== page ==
T. Huang, G. Yang, and G. Tang, “A fast two-dimensional median filtering algorithm,” IEEE Trans. Acoust. Speech Signal Process. 27(1), 13–18 (1979).
[Crossref]

Opt. Commun. (2)

J. Vargas, R. Restrepo, J. A. Quiroga, and T. Belenguer, “High dynamic range imaging method for interferometry,” Opt. Commun. 284(18), 4141–4145 (2011).
[Crossref]

S. Yu, J. Zhang, X. Yu, X. Sun, and H. Wu, “Unequal-period combination approach of gray code and phase-shifting for 3-D visual measurement,” Opt. Commun. 374(1), 97–106 (2016).
[Crossref]

Opt. Eng. (4)

S. Zhang, “Phase unwrapping error reduction framework for a multiple-wavelength phase-shifting algorithm,” Opt. Eng. 48(10), 105601 (2009).
[Crossref]

N. Karpinsky, M. Hoke, V. Chen, and S. Zhang, “High-resolution, real-time three-dimensional shape measurement on graphics processing unit,” Opt. Eng. 53(2), 024105 (2014).
[Crossref]

J. Vargas, T. Koninckx, J. A. Quiroga, and L. V. Gool, “Three-dimensional measurement of microchips using structured light techniques,” Opt. Eng. 47(5), 053602 (2008).
[Crossref]

J. A. Quiroga, D. Crespo, J. Vargas, and J. A. Gomez-Pedrero, “Adaptive spatiotemporal structured light method for fast three-dimensional measurement,” Opt. Eng. 47(10), 107203 (2006).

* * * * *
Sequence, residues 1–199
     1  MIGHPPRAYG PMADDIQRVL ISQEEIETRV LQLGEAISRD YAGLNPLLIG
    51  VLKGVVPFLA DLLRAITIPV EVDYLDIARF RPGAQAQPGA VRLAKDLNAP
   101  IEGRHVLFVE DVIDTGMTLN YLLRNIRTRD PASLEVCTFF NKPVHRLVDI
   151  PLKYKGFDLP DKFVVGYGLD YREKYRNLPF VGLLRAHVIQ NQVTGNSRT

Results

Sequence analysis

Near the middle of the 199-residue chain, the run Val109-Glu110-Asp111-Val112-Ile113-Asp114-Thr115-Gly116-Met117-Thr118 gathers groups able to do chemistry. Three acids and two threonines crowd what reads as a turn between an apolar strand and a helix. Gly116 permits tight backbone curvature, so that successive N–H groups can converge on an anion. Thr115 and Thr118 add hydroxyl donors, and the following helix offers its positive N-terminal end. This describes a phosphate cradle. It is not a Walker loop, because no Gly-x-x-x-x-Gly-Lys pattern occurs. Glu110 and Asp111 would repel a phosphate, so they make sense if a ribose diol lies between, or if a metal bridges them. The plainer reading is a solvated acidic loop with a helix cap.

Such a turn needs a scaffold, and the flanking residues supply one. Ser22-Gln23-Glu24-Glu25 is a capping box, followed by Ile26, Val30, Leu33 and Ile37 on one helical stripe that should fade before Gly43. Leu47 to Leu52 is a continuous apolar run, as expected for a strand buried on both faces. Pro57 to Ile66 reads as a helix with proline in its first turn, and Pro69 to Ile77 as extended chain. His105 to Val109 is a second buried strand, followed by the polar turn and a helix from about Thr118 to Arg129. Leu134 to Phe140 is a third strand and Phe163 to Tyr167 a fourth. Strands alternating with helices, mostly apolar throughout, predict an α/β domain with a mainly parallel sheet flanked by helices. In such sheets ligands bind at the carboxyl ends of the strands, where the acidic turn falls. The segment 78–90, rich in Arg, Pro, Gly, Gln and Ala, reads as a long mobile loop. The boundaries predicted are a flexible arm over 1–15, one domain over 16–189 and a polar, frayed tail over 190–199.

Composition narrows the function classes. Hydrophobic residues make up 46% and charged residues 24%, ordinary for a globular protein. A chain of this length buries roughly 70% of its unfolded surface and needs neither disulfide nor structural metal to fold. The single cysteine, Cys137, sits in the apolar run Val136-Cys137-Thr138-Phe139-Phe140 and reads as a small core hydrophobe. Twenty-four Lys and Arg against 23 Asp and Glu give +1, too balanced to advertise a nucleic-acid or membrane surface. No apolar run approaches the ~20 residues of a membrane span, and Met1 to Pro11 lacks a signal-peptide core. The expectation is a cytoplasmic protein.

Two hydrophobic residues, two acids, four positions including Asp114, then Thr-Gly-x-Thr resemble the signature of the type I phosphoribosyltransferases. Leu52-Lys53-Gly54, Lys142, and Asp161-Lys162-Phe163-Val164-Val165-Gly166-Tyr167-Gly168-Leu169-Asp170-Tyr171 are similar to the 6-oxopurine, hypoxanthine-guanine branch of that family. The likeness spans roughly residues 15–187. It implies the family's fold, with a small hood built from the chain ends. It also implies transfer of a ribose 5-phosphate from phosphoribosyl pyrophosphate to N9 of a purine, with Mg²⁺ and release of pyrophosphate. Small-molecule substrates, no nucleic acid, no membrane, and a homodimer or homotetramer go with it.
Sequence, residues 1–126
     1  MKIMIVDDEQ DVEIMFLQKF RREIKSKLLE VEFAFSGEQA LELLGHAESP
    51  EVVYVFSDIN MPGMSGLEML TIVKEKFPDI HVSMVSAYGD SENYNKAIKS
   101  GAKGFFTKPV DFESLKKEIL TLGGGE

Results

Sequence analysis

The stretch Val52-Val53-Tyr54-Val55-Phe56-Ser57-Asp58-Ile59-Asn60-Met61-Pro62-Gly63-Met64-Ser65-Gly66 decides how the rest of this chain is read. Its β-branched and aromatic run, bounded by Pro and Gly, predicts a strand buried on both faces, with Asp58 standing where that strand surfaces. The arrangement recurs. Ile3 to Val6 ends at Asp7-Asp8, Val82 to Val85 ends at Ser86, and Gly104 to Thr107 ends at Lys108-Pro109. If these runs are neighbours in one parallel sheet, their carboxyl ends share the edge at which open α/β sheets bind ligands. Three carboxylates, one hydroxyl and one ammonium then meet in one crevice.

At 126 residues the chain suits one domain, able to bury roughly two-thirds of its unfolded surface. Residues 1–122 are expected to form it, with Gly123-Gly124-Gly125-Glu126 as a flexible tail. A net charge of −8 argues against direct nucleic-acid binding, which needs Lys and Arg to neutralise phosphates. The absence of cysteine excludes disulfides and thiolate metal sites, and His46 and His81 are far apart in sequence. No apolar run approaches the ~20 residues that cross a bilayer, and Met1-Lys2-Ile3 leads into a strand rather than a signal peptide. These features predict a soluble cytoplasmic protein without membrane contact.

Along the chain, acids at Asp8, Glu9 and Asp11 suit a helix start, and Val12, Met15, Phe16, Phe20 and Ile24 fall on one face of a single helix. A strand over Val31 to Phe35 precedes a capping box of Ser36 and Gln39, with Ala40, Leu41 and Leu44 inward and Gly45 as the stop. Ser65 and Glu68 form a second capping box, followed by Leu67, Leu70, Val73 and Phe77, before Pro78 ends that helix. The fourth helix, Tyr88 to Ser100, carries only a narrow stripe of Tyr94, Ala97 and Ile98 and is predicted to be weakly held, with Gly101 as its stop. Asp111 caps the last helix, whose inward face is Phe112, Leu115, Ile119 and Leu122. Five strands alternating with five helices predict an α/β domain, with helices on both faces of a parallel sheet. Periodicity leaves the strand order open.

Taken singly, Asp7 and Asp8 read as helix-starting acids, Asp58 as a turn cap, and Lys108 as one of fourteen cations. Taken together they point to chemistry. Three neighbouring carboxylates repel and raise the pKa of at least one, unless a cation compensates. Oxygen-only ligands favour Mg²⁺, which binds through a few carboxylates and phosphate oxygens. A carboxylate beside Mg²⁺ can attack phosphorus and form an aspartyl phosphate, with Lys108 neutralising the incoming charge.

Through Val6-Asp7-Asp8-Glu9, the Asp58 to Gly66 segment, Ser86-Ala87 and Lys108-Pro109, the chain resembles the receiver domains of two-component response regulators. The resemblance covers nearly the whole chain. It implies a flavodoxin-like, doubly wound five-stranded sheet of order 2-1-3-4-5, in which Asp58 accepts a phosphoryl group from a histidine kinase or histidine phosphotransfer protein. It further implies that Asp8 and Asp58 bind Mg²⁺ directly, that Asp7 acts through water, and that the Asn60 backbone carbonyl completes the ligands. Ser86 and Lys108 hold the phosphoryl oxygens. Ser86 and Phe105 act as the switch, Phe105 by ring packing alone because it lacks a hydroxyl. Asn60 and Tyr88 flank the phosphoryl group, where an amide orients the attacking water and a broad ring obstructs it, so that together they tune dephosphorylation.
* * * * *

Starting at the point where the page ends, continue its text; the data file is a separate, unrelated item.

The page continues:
[Crossref]

Opt. Express (4)

Opt. Laser Technol. (1)

Q. Kemao, “A simple phase unwrapping approach based on filtering by windowed Fourier transform: A note on the threshold selection,” Opt. Laser Technol. 39(7), 1364–1369 (2007).
[Crossref]

Opt. Lasers Eng. (4)

S. Gorthi and P. Rastogi, “Fringe projection techniques: Whither we are?” Opt. Lasers Eng. 48(2), 133–140 (2010).
[Crossref]

M. Servin, M. Padilla, G. Garnica, and A. Gonzalez, “Peofilometry of three-dimensional discontinuous solids by combiing two-steps temporal phase unwrapping, co-phased profilometry and phase-shifting interferometry,” Opt. Lasers Eng. 87(76), 75–82 (2016).
[Crossref]

D. Zheng and F. Da, “Self-correction phase unwrapping method based on Gray-code light,” Opt. Lasers Eng. 50(8), 1130–1139 (2012).
[Crossref]

Q. Zhang, X. Su, L. Xiang, and X. Sun, “3-D shape measurement based on complementary Gray-code light,” Opt. Lasers Eng. 50(4), 574–579 (2012).
[Crossref]

Opt. Lett. (4)

Other (4)

Y. Xu, D. Darga, J. Smid, A. M. Zysk, D. Teh, S. A. Boppart, and P. S. Carney, “Filtering and Unwrapping Doppler Optical Coherence Tomography Velocity Maps,” in Imaging and Applied Optics 2016, OSA Technical Digest (online) (Optical Society of America, 2016), paper CW1C.4.